Opinion

Bruce Speight: Trump administration’s Dirty Power Plan abdicates federal responsibility to protect Americans from climate change

As communities across Washington deal with raging wildfires and unhealthy air quality, President Donald Trump is turbocharging climate change by enacting a “Dirty Power Plan.” While many states, cities and businesses across the country are taking unilateral actions to slow global warming, in lieu of the federal government, tens of millions of Americans will lose protections against the adverse health and environmental effects of climate change.

On August 21, the Trump administration announced their plans to reverse the Clean Power Plan and replace it with a Dirty Power Plan. The Obama-era Clean Power Plan was set to cut carbon pollution from the electric power sector by 32 percent by 2030, improving public health and helping the nation to stave off the worst impacts of global warming. The replacement plan is expected to flatline or even increase the burning of dirty, dangerous fossil fuels and stymie the transition of the power sector to clean, renewable energy.

Increasing planet-warming emissions from the burning of fossil fuels, including coal and natural gas, will further exacerbate global warming and destabilize the climate. Already, given the destructive power of extreme weather and wildfires made worse by global warming, this move is sheer folly, and it will have profound consequences.

The Dirty Power Plan is the latest in a long series of Trump administration actions that will lead to more pollution hurting the American people. Last December, Trump pulled the U.S. out of the international Paris Climate Agreement, making us the only nation in the world that is not committed to cutting carbon pollution.

In addition, the federal government is rolling back programs that could help the United States meet its commitments to reduce pollution. Beyond replacing the Clean Power Plan, the administration has proposed new rules to roll back the Clean Car Standards, as well the EPA’s standards that govern methane, a potent greenhouse gas released during oil and gas production. To make matters worse, the Department of Energy has proposed to bail out dirty coal plants, demonstrating a clear pattern of disregard for the scientific consensus that the burning of fossil fuels is leading to dangerous global warming that will destabilize our climate.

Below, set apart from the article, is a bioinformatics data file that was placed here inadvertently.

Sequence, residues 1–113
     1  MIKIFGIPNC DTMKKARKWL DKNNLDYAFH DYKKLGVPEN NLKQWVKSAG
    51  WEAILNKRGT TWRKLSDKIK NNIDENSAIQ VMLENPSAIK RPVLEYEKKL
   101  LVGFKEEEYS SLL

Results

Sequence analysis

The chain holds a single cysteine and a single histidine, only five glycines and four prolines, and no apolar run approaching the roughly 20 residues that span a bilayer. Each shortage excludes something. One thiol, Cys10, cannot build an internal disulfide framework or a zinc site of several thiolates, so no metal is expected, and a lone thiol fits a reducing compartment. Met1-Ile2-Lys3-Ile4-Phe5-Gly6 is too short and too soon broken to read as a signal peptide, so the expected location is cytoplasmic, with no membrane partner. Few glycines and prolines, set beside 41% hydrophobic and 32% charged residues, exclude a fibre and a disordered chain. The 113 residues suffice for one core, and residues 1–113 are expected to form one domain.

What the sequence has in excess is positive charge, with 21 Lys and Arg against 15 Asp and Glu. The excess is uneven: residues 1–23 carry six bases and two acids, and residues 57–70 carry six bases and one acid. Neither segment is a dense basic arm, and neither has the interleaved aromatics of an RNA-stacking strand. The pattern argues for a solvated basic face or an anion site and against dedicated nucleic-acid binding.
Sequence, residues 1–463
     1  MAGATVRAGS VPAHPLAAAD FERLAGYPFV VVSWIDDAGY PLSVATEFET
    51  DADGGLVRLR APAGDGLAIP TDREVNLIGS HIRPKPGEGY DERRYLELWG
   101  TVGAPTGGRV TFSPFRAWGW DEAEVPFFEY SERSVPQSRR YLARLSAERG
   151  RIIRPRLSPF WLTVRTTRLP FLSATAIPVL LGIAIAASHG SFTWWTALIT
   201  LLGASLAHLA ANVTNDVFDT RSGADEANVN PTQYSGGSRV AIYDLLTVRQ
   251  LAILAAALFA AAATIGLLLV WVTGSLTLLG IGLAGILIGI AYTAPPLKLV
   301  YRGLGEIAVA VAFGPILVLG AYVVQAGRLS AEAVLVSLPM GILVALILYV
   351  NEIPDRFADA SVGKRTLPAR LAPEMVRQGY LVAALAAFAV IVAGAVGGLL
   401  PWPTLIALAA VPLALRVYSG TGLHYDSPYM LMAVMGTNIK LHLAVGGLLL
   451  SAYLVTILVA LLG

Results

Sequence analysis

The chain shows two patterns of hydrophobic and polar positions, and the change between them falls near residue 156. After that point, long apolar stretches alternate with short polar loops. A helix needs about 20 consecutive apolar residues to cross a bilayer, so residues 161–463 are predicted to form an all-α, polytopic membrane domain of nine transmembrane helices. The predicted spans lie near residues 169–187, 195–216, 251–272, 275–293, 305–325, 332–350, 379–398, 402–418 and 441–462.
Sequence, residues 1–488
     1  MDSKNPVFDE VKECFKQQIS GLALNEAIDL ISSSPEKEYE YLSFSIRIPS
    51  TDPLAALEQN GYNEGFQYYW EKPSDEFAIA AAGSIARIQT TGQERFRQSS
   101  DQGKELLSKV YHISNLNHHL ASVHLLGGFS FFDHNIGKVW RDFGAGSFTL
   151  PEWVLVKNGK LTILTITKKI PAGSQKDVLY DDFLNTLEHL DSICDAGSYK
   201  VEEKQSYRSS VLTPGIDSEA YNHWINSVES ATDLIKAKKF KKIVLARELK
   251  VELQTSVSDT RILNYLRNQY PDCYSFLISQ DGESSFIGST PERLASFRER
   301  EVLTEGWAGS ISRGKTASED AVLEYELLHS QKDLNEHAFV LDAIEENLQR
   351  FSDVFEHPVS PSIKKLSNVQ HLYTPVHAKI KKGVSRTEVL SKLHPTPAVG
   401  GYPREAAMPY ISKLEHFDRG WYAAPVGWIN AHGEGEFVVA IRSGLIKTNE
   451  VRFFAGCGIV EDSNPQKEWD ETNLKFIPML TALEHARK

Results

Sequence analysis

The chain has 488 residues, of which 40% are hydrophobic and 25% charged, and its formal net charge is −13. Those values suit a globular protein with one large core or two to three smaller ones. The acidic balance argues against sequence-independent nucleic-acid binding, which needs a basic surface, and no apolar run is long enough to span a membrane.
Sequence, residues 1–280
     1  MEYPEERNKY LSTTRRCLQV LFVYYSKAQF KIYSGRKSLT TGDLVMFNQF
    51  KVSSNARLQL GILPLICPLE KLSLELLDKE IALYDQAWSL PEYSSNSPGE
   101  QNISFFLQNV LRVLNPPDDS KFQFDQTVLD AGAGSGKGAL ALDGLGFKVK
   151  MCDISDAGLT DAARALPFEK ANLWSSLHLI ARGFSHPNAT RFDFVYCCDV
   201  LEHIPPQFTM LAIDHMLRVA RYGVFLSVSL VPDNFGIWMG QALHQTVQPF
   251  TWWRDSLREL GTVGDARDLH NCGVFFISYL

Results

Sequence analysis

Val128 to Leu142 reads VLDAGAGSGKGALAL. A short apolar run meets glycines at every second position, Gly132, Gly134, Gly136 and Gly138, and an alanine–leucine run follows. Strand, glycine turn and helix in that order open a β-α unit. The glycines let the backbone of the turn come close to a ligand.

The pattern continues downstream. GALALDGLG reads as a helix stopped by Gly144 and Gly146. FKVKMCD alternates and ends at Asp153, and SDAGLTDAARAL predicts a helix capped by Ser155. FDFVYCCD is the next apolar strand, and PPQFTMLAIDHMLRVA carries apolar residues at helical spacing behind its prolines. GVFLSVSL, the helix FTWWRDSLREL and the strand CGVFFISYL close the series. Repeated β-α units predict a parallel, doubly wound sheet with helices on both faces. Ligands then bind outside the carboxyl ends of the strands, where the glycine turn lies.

With the Trump administration proposing to delegate the authority to states to determine their own clean power standards, state leadership to reduce carbon pollution has never been more important. In the Northeast, we have a shining example of how bipartisan cooperation can fill the void left by the federal government. Nine Northeastern and Mid-Atlantic states – five led by Republican governors and four by Democrats – have joined a group called the Regional Greenhouse Gas Initiative (RGGI). At the end of 2017, these states finalized a new plan to cut pollution from power plants in the region by at least two-thirds below 2005 levels by 2030.

This bipartisan program limits power plant pollution, makes polluters pay, and enables the states to invest more in climate solutions such as energy efficiency and renewable energy. This success story has cleaned the air and cut global warming pollution in half in the region, and it proves that working across state and party lines to cut pollution from the power sector is a common-sense solution.

But RGGI only helps a section of the country. Given the urgency of the climate challenge – and the severe stakes of inaction for our citizens, businesses, and communities – we need national programs that will accelerate the reduction of carbon emissions. To prevent the worst impacts of global warming, we will need much more innovative cooperation across our whole economy and society.

This Dirty Power Plan is the latest sign that the Trump administration is ignoring the welfare of its own citizens and shirking the EPA’s mission to protect the environment and public health. And given this Congress’ track record, we have little hope that federal legislators will step in to protect a stable climate and clean air, even though that’s best for their constituents’ health, regardless of party affiliation.

So, it’s up now to the states, cities, counties, and businesses of this country to do more to cut carbon pollution. To that end, Washington legislators are considering legislation that will transition and commit Washington to 100 percent renewable and zero-carbon sources. The recent action by the Spokane City Council setting a goal of 100 percent renewable energy by 2030 is exactly the leadership we need right now. The next step is to follow through and make this goal a reality.

With the EPA shirking its responsibilities, it will be more critical than ever for cities and states to continue this leadership and to take decisive action to cut carbon pollution – rather than loosening controls on burning dirty fossil fuels.

Bruce Speight is the executive director of

Environment Washington, a statewide,

membership-based environmental advocacy organization. environmentwashington.org.